What have been the most rewarding or fulfilling aspects of your career?
I feel that I have a responsibility to teach those who come after me, so I find it very rewarding to mentor younger scientists. I value the opportunity to help others understand the process of science. A fulfilling aspect of being a scientist focuses on the research itself. After studying a specific problem for some time, there is a certain beauty and satisfaction when you can determine an answer, and when the knowledge obtained can be used to better understand and treat a disease.
What have been the most challenging aspects of your career?
You need to have a lot of dedication and perseverance to be a scientist because your work doesn’t always produce immediate results. Things move so quickly in today’s world, and we have gotten used to an immediate reward. You have to persevere when working in science, and sometimes you have to ask a question in different ways to really understand the mechanism you’re trying to discover. One of the great things about being married to a scientist is that he understands the intricacies and nuances of scientific pursuit and the dedication you need to have. He is very supportive, which is a big plus!
What activities do you enjoy outside of work?
I come from a very large family, and they now live in different countries. I get to travel around the world while visiting them, which is beautiful because I get to see them and experience many cultures. I also love being outdoors and I am an avid runner. I run half-marathons and I run five or six miles, four days a week with a group of my friends. None of these friends are scientists, so it is nice to have the opportunity to talk with them about different things and get a chance to interact with people on other career paths.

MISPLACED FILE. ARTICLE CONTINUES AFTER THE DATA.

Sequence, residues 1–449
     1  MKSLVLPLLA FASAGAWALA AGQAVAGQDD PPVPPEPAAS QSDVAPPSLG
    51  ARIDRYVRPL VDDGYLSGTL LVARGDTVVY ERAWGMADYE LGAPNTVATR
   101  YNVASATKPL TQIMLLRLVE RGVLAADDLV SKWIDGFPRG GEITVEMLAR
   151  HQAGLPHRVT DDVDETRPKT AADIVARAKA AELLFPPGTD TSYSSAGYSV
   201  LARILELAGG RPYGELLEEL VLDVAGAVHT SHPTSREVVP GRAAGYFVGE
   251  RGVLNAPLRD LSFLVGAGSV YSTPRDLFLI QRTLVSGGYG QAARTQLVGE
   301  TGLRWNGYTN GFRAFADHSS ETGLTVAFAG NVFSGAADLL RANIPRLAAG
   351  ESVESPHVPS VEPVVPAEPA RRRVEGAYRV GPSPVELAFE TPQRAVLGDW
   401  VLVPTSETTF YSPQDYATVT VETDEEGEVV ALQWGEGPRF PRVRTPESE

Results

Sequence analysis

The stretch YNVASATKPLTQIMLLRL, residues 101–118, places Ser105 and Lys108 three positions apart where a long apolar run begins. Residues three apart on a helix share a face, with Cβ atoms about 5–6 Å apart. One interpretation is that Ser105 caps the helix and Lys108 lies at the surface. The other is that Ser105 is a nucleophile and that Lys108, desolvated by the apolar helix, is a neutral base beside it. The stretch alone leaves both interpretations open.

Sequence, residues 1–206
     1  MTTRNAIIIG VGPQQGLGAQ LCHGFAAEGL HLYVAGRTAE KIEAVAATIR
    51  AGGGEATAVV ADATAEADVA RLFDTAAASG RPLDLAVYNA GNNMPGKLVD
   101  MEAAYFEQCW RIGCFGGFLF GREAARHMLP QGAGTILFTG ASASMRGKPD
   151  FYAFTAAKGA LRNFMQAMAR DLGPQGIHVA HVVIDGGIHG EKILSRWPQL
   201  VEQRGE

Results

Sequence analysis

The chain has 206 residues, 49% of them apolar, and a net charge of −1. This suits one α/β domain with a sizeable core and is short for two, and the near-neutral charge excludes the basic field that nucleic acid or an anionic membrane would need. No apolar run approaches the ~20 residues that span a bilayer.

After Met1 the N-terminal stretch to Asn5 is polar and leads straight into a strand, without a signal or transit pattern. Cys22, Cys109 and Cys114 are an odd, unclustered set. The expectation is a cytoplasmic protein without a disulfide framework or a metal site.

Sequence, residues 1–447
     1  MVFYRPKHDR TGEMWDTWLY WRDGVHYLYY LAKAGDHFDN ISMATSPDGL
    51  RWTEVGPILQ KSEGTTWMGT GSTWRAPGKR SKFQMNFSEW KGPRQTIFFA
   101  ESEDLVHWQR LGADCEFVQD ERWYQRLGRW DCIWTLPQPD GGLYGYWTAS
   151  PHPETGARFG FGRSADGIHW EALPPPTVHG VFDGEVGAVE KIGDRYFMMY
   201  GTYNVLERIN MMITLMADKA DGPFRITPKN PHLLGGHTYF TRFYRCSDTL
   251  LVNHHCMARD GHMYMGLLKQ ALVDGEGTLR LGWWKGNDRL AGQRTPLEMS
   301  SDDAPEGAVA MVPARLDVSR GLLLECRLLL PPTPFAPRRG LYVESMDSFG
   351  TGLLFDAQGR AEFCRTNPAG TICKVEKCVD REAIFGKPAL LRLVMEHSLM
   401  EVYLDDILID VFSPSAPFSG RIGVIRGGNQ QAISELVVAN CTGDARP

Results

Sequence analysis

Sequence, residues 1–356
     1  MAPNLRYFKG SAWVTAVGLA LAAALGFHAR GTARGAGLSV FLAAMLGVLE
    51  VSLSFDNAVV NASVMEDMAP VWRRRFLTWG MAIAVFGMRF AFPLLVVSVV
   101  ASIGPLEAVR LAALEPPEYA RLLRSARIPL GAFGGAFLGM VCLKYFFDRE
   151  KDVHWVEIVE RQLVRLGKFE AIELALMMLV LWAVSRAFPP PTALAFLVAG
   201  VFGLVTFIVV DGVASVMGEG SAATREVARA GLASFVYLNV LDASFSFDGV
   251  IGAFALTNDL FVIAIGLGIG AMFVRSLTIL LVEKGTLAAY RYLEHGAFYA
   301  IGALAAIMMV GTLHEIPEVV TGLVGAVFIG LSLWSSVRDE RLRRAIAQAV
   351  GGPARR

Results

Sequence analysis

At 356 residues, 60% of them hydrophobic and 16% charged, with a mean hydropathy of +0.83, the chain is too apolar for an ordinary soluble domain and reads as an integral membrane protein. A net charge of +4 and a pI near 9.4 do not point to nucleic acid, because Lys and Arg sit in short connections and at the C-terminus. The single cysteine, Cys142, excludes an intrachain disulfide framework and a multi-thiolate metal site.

Can you offer any advice for women or people from communities of color who wish to pursue a career in science?
I am Hispanic, so I am very interested in seeing more Hispanics and other minorities in science. I was chair of the NIH Women Scientist Advisors Committee, and I think it is important to figure out a way to incorporate more women in this profession as principal investigators and professors. We need to attract, retain and promote women. In terms of advice, I try to reiterate that being a scientist requires dedication and assertiveness to do what you want to do, and also that it requires a lot of effort. There are so many opportunities and programs for minorities, and NIH is interested in increasing diversity in the workforce. It is very important for women and minorities to get mentorship to help guide them on their path to being successful.
Why is it important for people from communities of color to participate in research—both as investigators and as patients?
It is important to have minorities represented in the workforce and to have input from minority populations in research. Otherwise, research would be very restrictive. It is key to understanding why certain minority populations have a greater propensity or tendency to have certain diseases. If the research is thoroughly explained to minority communities, chances are they will be very happy to participate and help researchers in accomplishing their scientific goals.